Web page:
Every single time it happens we ask the question.
Hamline University Criminal Justice Professor Jillian Peterson, and a team of students, are beginning to ask that question in a bigger way.
“So far we have been looking at each of these as individual case studies, so, we are now taking the time to put them together to look for patterns. It is a different approach,” Peterson said, describing the large research project she is shepherding on mass shooters in America.
The team is going back more than 25 years, to each mass shooting event, to figure out if there is any commonality among them.
“We are taking 130 mass shooters that have been agreed upon by definitions and we are coding them on 50 different variables so anything from their life history, background, employment, warning signs, triggers for odd behavior, as much information as we can gather about who these individuals were to build the psychological life history the best that we can,” Peterson said.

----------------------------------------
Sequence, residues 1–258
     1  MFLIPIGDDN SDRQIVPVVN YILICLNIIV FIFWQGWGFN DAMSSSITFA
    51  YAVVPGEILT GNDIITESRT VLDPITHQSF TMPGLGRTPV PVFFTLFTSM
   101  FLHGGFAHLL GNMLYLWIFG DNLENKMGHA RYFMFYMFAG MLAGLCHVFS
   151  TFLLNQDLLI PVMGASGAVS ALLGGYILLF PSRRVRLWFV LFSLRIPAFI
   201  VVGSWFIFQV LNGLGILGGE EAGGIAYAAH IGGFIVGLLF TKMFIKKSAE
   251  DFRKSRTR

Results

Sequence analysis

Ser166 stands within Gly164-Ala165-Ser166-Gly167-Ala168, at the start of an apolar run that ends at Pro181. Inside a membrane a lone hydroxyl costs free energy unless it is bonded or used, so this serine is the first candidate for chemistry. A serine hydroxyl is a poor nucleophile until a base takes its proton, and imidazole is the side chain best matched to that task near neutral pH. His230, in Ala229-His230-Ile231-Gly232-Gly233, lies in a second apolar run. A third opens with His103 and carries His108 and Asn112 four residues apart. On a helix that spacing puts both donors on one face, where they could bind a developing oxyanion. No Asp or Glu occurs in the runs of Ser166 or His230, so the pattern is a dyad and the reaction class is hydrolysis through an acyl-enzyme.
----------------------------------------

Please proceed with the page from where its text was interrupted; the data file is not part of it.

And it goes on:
Peterson is doing this for a very real reason.
"If we don’t start to understand the 'why,' we can never even get close to stopping a person before it’s too late."
But along that line, when we think about this as something to stop, we should re-think everything we know about that.
"When we try to prevent crime, a lot of times we think about deterrents, right?" Peterson said. "If you commit this crime you have to go to prison for this long. These crimes are not the same. They are not motivated by the same thing. If you plan on killing yourself, deterrence is off the table and that’s where we have trouble with this kind of crime. We don’t know how to deter it.”
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